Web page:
and is called the *cube root of* $\,-8\,.$

The ‘cube root’ process
undoes the ‘cube’ process.
*Roots undo powers.*
The idea is stated more formally below.

Let $\,x\,$ be any real number.

The number $\displaystyle\,\root 3\of{x}\,,$
read as *the cube root of* $\,x\,,$
is defined as follows:

$\displaystyle\,\root 3\of{x}\,$ is the unique number which, when cubed, equals $\,x\,.$

Don't ever lose sight of the fact that numbers have lots of different names. Both $\,2\,$ and $\,\root 3\of{8}\,$ are names for the same number. Thus, the sentence ‘$\,\root 3\of{8} = 2\,$’ is true.

There's a good visual check for problems like this. As shown below, make a circle, checking that your answer ($\,2\,$), raised to the third power, does indeed equal $\,8\,.$

Here's a more general definition for odd roots:

Let $\,x\,$ be any real number, and let $n\in\{3,5,7,\ldots\}\,.$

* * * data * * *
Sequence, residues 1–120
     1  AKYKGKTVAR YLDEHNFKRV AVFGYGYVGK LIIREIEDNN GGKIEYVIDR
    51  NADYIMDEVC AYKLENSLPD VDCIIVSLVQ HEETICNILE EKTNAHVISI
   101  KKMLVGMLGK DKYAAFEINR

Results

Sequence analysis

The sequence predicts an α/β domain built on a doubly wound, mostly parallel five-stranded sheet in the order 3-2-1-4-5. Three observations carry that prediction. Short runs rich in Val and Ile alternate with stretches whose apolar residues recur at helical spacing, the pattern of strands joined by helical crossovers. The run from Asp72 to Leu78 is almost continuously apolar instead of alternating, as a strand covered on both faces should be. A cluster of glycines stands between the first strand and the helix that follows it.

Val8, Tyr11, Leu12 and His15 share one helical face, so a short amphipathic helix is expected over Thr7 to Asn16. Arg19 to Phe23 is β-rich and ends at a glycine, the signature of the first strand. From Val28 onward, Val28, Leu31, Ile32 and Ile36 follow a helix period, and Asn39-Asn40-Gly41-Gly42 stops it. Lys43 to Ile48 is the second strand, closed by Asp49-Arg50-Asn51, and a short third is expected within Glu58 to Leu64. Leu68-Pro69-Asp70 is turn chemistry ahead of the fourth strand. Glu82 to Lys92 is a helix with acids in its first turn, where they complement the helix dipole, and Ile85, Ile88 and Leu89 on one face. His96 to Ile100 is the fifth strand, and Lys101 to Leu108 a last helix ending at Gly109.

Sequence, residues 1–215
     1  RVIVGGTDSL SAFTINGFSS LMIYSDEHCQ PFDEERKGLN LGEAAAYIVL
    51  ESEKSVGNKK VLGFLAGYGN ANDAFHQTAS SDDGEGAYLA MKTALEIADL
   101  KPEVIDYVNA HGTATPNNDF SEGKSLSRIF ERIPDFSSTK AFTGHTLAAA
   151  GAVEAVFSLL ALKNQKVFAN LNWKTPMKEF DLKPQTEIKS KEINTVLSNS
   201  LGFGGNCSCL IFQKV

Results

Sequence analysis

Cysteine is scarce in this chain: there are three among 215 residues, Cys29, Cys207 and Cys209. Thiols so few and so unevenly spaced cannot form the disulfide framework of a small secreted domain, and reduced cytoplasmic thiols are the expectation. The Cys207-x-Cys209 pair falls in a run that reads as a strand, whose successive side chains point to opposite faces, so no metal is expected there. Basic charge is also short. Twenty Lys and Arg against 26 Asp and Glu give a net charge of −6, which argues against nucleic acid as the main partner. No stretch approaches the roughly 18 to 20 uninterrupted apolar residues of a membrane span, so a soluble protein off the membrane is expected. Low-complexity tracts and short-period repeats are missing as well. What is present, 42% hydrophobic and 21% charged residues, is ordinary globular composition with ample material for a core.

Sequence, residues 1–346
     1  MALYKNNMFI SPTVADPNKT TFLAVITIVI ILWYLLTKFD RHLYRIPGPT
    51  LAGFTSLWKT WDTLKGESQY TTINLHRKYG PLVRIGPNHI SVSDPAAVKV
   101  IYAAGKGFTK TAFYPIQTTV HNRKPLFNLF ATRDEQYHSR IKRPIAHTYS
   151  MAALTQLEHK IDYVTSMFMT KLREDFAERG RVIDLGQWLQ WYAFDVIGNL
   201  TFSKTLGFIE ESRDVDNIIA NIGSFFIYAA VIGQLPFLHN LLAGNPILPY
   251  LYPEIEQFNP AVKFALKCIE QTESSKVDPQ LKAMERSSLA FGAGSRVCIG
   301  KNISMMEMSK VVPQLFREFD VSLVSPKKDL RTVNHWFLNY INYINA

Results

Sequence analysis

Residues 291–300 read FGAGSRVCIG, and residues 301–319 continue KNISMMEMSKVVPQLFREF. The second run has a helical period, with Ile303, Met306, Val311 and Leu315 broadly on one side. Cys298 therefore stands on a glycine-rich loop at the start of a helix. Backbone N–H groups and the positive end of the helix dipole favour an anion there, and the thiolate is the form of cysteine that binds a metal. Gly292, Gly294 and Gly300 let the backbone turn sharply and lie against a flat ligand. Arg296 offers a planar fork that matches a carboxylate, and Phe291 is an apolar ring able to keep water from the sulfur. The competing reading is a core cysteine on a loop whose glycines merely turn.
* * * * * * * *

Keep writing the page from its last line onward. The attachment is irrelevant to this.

The number $\displaystyle\,\root n\of{x}\,,$
read as *the* $n^{\text{th}}\,$ *root of* $\,x\,,$
is defined as follows:

$\displaystyle\,\root n\of{x}\,$ is the unique number which, when raised to the $\,n\,$ power, equals $\,x\,.$

## ‘Undoing’ Even Powers

Next, we'll try to ‘undo’ even powers, and will see that two problems emerge. Before beginning, recall that $\,2^2 = 4\,$ and $\,(-2)^2 = 4\,.$ That is, there are two numbers (both $\,2\,$ and $\,-2\,$) which, when squared, give $\,4\,.$

So, suppose I tell you that I'm thinking of a number.
When I square this number, I get $\,4\,.$
Can you tell me which number I'm thinking of?